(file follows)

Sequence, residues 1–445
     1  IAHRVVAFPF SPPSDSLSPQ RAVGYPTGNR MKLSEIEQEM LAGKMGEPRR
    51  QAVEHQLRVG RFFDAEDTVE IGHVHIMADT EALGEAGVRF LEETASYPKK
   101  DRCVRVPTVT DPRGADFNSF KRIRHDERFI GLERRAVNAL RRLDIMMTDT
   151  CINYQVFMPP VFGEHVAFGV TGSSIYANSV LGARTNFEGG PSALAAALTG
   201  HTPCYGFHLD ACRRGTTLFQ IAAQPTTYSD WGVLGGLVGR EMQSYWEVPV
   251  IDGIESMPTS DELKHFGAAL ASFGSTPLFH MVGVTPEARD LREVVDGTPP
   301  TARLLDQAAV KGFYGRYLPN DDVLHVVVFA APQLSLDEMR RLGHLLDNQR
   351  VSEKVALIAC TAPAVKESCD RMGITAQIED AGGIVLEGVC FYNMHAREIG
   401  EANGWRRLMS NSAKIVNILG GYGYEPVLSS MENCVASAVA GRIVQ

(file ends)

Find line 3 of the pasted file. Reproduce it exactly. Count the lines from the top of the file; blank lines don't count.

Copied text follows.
    51  QAVEHQLRVG RFFDAEDTVE IGHVHIMADT EALGEAGVRF LEETASYPKK